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We live in New England where we have very large rocks all over our property. We are building a 16 X 22 shed and would like to use our rocks for our corner posts. Would it be structurally sound to dig a hole similar to a sono tube size but layer our rocks with concrete?

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    Are you asking if it's OK to fill the hole (with or without a tube form) with rock, then flow the concrete around the rocks?
    – FreeMan
    Sep 11 '20 at 19:09
  • yes, that is correct.
    – D Gaspard
    Sep 12 '20 at 1:42
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If it take more than one to fill the hole, you don't have "very large rocks" for New England.

Plenty of old barns and other buildings are sitting on large rocks (4 feet or more in at least one direction) that were rolled into holes to provide a solid, dry, non-rotting foundation hundreds of years ago, for hundreds of years.

You appear to be talking about something more on the lines of a mortared pier built of comparatively small rocks - one issue with those is that they are more prone to frost movement (.vs. a sonotube or formed concrete pier of another shape, such as a tapered square pier) because the outer surface is rough and frozen soil is more prone to "grab and carry" it rather than slip past it in freeze/thaw cycles.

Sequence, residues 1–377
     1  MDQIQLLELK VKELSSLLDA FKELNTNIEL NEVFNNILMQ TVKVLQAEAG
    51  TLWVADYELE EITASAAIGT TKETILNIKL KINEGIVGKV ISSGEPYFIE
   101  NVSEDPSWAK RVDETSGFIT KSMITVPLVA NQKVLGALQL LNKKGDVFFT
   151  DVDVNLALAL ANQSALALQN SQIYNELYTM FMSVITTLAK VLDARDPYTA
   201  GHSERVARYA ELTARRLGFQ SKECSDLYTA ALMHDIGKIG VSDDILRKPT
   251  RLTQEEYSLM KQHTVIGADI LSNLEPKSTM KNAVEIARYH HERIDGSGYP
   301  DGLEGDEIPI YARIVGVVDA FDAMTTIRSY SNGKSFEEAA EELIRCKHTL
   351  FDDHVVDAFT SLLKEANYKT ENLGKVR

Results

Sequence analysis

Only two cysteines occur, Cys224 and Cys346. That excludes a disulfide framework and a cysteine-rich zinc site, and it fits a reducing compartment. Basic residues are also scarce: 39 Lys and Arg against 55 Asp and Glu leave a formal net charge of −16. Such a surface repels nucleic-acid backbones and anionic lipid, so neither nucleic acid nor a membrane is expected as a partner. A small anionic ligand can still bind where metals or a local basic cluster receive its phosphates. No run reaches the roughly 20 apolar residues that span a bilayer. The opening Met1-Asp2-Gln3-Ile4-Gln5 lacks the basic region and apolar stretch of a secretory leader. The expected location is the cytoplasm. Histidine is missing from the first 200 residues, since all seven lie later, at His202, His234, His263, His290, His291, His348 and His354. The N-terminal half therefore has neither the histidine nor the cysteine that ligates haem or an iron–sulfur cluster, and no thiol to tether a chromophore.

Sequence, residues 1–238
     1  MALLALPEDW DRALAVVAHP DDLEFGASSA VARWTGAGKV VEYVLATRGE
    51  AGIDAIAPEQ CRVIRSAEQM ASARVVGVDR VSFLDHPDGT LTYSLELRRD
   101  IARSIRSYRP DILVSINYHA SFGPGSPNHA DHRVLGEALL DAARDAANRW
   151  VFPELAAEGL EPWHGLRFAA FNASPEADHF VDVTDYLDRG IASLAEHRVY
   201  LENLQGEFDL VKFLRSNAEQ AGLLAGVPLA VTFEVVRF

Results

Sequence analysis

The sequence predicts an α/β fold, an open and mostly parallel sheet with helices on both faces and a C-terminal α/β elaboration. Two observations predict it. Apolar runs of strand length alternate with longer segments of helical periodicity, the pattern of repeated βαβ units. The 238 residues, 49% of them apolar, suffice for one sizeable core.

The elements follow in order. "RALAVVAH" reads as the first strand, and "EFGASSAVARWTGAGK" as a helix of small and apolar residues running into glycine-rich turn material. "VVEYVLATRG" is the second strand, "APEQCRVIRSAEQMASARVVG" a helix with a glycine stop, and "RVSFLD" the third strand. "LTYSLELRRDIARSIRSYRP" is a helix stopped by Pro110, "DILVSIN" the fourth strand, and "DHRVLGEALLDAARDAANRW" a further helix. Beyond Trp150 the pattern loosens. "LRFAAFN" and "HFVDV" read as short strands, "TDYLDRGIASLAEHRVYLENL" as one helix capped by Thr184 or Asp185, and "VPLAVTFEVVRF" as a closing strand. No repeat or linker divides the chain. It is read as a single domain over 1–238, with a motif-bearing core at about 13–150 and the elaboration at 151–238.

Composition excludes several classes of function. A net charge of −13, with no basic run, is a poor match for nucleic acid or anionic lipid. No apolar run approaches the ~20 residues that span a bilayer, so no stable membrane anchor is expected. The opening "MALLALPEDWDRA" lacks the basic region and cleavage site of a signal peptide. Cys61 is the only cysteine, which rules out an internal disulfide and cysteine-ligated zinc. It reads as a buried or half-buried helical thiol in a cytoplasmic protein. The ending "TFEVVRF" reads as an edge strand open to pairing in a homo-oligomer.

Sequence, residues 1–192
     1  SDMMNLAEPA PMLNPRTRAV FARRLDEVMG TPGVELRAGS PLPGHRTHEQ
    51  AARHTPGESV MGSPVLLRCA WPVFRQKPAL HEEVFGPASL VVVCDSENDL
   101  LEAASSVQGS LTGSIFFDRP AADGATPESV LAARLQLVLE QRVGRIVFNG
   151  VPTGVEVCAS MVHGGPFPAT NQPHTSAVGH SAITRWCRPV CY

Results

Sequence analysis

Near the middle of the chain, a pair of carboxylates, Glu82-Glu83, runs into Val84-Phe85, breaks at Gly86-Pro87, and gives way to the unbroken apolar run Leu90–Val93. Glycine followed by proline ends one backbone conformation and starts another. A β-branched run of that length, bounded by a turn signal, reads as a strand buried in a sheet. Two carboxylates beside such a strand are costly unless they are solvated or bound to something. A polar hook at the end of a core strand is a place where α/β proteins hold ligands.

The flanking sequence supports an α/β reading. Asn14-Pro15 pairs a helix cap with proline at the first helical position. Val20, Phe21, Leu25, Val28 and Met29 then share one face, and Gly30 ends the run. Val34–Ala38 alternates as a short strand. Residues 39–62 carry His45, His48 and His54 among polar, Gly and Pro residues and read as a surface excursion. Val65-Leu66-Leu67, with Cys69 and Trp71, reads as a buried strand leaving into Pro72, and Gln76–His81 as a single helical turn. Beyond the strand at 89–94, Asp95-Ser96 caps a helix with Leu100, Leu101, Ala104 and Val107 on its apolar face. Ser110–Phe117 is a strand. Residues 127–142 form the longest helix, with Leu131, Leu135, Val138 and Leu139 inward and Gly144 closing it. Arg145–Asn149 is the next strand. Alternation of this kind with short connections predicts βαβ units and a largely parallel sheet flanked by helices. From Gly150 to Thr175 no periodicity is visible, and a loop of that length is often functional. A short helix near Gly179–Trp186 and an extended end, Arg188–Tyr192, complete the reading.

You might want to look at "slip forming" where you'd set a form and then build with your rocks and concrete resulting in a smooth outer surface, at least for the below-ground part. Almost any New England library is likely to have a copy of Helen and Scott Nearing's "Living the Good Life" which happens to include a chapter or two on slip-forming (and at least one "really very large" New England rock, as I recall.) That was more oriented towards full foundations, in their case. Another approach is to use sonotubes below-ground and mortared rocks above ground.

Depending on the purpose and nature of the shed, another option is to not worry about frost movement at all, and just set your piers on the surface of the ground and let the building float - again, many examples of old buildings built this way exist, though of course we only see the ones that survived this long, now.

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  • And there’s a reason those types of foundations didn’t last. When you place footings above the frost line, it allows the foundation to move AND crack. These cracks allow water into the foundation which freezes , expands and destroys the integrity of the rocks. Soon the foundation falls apart.
    – Lee Sam
    Sep 12 '20 at 3:31
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There are two major issues with “large (or small) rock foundations”: 1) set all the footings down at the same level, and 2) set the bottom of the foundation below the frost line.

  1. Assuming the soil has about the same bearing capacity throughout the building area at each depth below the building. You want all your footings at the same depth so that you do not have differential settlement.

  2. The bottom of the footing must be below the frost line or it will heave and cause movement in the foundation. Then the rocks will crack and allow water into the foundation allowing more cracks.

Make all the footings the same, install them all at the same level, and start below the frost line.

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